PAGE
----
First Look: McDonald's fresh beef leaves diners speechless

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Gabrielle Union in McDonald's fresh beef campaign.
Gabrielle Union in McDonald's fresh beef campaign. Credit: McDonald's

"You're all I think about."

That line is part of the heavy dose of marketing McDonald's has planned for its new fresh beef, cooked-to-order Quarter Pounders that kicks off this week—a line being repeated by some famous personalities.

Bringing fresh beef patties to nearly all of its U.S. restaurants has been in the works for years. The "cooked when you order" Quarter Pounder gives McDonald's a chance to improve its food credentials with existing customers and win over new or lapsed customers. It also gives competitors that have long cooked fresh beef a chance to piggyback with their own messages, something Wendy's has been doing for months.

McDonald's humorous "Speechless" campaign features Charles Barkley, Luis Fonsi, John Goodman and Gabrielle Union providing the words for people supposedly rendered speechless by the taste of the new patties.

The campaign has good timing: Goodman's back in the spotlight with the return of "Roseanne," while Barkley's presence on air during the NBA playoffs gives McDonald's the chance for media integrations and ads during the games.

Barkley and Goodman each have two 30-second spots. Fonsi, whose hit song "Despacito" is still stuck in people's heads more than a year later, appears in two Spanish-language spots, with one of them also set to run in English.

TV spots are set to air once each night this week during every primetime show on ABC, CBS, FOX, NBC and Univision.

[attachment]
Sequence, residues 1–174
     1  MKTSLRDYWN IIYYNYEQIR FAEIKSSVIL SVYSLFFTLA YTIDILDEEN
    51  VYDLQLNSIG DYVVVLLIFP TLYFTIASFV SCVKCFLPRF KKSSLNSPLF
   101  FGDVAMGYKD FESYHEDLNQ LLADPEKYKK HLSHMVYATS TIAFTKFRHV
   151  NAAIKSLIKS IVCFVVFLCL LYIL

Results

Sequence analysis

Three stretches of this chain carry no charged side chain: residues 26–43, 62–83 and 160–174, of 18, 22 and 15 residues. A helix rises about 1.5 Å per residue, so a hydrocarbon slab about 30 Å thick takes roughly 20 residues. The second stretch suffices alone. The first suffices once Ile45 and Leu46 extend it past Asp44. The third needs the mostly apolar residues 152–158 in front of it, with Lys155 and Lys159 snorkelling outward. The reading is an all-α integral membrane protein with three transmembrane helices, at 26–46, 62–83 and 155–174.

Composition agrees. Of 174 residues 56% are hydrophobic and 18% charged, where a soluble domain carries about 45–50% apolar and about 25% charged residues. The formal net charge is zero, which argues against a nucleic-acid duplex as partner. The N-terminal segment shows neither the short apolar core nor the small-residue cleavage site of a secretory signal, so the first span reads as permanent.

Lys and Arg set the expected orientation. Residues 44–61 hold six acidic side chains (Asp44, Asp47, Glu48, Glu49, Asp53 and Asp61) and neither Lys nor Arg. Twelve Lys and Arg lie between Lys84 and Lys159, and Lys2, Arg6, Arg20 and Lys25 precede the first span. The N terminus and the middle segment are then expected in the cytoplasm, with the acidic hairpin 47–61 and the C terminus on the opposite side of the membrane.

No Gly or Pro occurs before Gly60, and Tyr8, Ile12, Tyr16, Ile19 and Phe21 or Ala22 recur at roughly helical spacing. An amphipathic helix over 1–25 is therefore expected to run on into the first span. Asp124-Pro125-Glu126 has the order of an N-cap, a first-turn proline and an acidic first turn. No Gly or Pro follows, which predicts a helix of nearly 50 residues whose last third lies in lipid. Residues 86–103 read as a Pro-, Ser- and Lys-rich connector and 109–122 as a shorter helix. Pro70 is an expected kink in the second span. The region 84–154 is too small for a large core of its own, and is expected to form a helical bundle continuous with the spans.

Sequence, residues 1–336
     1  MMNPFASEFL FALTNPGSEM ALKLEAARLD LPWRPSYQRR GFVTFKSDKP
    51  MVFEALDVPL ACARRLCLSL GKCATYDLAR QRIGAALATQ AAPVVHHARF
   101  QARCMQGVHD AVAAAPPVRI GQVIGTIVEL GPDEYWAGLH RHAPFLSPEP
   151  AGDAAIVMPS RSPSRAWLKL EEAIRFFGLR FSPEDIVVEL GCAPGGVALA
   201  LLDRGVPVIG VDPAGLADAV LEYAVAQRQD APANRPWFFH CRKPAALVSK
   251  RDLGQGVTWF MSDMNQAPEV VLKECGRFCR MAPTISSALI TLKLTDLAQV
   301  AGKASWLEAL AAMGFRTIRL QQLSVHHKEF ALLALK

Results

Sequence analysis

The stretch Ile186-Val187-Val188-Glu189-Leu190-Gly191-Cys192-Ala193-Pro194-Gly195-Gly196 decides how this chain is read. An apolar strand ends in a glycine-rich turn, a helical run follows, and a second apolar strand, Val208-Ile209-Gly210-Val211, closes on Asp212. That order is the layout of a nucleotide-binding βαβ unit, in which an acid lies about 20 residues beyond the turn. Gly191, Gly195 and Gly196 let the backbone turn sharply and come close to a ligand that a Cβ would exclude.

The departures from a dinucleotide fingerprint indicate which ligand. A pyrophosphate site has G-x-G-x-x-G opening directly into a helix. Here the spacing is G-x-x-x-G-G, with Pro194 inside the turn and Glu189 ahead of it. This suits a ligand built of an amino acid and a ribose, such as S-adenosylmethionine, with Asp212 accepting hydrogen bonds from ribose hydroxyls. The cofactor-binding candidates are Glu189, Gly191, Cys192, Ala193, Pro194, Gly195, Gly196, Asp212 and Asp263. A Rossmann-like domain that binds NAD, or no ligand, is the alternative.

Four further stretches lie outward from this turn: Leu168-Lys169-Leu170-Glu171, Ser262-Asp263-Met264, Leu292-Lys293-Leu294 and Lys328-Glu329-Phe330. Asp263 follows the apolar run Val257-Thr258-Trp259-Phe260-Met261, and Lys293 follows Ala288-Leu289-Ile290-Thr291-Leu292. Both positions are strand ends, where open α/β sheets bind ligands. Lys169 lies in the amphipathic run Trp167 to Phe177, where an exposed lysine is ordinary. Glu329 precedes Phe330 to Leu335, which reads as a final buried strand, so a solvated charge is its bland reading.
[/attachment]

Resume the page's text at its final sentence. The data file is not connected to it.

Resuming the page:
The company declined to share media spending, but Kenny Mitchell, McDonald's USA's VP of brand content and engagement, notes that "it's one of our biggest priorities of this year and our investment is commensurate with that." It comes after sales rose more than expected in the first quarter, while the number of visits to its U.S. restaurants declined.

Along with the heavy dose of TV ads, the "Speechless" campaign includes social, digital, mobile and radio elements. Even napkins in restaurants will have marketing messages. Some ads on YouTube use closed captioning to suggest what the celebrities would say as they're the ones biting into the burgers. There's also going to be a split-screen video that shows Goodman and how a Quarter Pounder burger is made that includes an "ASMR-style" concept, as well as custom content integrations with the celebrities.

John Goodman in McDonald's fresh beef campaign.
John Goodman in McDonald's fresh beef campaign. Credit: McDonald's

The creative work, from McDonald's dedicated Omnicom Group agency We Are Unlimited, also focuses on fresh patties being cooked to order. Most of the celebrity spots feature customers inside updated McDonald's restaurants, though Goodman in one spot plays a passenger in a car who wants to go to the drive-thru, which is a huge part of McDonald's business.

The fresh beef Quarter Pounder patties are now available in thousands of U.S. restaurants. One person who says he's already tried one is Wendy's Chief Concept and Marketing Officer Kurt Kane.

"I'm very confident, based on having tried the hamburger, that everybody is going to continue to like Wendy's a heck of a lot better," Kane tells Ad Age.

Wendy's, the country's No. 3 burger chain, has been highlighting its own cooked-to-order fresh beef patties while pointing out McDonald's is only switching to fresh beef for some, not all, of its hamburgers. Wendy's latest Super Bowl ad directly mentioned McDonald's, as has much of its social media messaging. In March, Wendy's released a "We Beefin'" mix on Spotify. One of the songs, "Twitter Fingers," kicks off with the lyrics "cold with the flows but the meat ain't frosty."

"They're trying really hard, as far as I can tell, to try and become Wendy's. The only thing they haven't done is launch square hamburgers and maybe that's what they'll try and do next," Kane says jokingly.

Wendy's does have a message about frozen, well, freezing, food that seemingly has nothing to do with McDonald's: Its 50-cent Frostys return Monday for a limited time, just as McDonald's steps up its fresh beef marketing.

"We've been on this food journey for a while and our focus has always been on our consumer," Mitchell says when asked about the competition. "We'll continue to listen to our consumer and see how they respond to this product."

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